The internet allows us to buy things or subscribe to services with the click of a button. Unfortunately, the online world, as we all very well know, is full of dishonest people and scammers, and often, users end up getting tricked out of their money.

There's no algorithm that you can follow and ensure that you won't get scammed. Nevertheless, a few things about the website of a merchant or a service provider can tell you a bit more about the business venture that sits behind it. An easily accessible way of contacting the company, for example, suggests that you're looking at a real entity that is prepared to interact with potential customers, and a legitimate office location that can be found on Google Maps is also a positive sign.

We have discussed on these pages how painful reading through legal documents could be, but going over the Terms of Service and Privacy Policy is still a good idea, especially if you're thinking about trusting the service provider with payment details or other bits of sensitive information.

On the whole, if you can pick only companies that have been recommended by friends, do so. If you can't, try googling the name of the service provider and see what other people think before committing to a subscription or a purchase. Sometimes, an online search can make the difference between choosing the right product and giving your money away.

Watch out for cryptocurrency-mining websites

2017's unprecedented surge in cryptocurrency value meant that cybercriminals found themselves looking for new ways of obtaining as many digital coins as possible. This gave birth to the so-called cryptojacking attack – the act of using the hardware resources of visitors of websites in order to "mine" cryptocurrency.

Cryptojacking has arguably become more popular than ransomware, and its efficiency is rooted in the fact that using a single website, crooks can infect thousands, if not millions of unsuspecting users. Often, people can see that something is putting more strain on their hardware, but they're not sure what it is which makes the attack even more attractive for the crooks.

It must be said that this is not the most destructive form of hacking, but it should not be underestimated. In order to inject their cryptojacking scripts, hackers must first compromise the targeted website. And if they have compromised a website, they can use it for something else like spreading malware, for example. All things considered, if you think that a website is abusing your computer resources, you should close it as quickly as possible.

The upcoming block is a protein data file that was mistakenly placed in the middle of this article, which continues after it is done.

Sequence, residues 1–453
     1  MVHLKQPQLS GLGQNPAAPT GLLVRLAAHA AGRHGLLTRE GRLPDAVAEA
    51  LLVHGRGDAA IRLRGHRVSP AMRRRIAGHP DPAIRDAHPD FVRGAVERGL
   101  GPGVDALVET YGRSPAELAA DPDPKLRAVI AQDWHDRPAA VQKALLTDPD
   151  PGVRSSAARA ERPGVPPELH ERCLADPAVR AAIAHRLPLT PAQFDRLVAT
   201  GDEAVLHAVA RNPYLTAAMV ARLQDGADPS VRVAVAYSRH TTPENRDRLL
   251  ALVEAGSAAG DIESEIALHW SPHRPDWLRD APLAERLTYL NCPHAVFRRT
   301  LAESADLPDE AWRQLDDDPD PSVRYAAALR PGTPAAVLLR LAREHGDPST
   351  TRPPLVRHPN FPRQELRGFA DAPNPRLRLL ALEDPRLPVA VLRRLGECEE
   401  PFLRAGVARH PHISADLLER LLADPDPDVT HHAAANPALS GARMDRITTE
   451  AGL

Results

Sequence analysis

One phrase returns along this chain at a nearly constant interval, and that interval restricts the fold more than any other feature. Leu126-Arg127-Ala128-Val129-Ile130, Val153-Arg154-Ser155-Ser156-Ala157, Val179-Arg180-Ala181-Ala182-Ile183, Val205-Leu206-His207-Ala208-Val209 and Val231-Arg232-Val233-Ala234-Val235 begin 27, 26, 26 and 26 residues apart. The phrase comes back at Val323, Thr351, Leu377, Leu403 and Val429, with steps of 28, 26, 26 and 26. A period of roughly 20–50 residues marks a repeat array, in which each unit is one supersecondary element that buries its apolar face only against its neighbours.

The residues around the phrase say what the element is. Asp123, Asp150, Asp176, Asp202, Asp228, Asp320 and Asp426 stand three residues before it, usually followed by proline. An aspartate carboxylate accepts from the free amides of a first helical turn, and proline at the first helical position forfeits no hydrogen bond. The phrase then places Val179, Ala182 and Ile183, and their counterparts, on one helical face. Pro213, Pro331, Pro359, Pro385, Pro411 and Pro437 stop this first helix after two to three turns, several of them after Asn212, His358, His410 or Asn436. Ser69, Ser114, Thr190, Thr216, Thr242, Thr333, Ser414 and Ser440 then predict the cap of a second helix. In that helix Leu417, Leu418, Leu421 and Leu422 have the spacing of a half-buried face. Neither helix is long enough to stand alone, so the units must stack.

Try to avoid nasty links

When you go to a website, you usually don't spend your whole time staring at the homepage. More often than not, getting to the content you're looking for involves clicking loads of links and buttons. But how can you be sure that you'll end up in the right place?

Well, it's not easy, but if you pay more attention to what you're doing, you might just manage to avoid some of the traps. Modern browsers can let you know where you're going before you follow a link, and if you haven't already, you should probably start taking advantage of this functionality. All you need to do is hover over the link before clicking on it, and the browser will display the URL you're about to be led to in the bottom left or right corner of the screen. Once again, we're not talking about something that can ensure complete safety, but it can at least give you a better idea of where you're being taken to.

Staying away from dangerous websites is not (and will never be) easy. If it was, we wouldn't have had so many people ending up on malicious pages every day. That being said, you can build some habits and observe some things that should help you browse the web with a bit of confidence and peace of mind.

April 30, 2019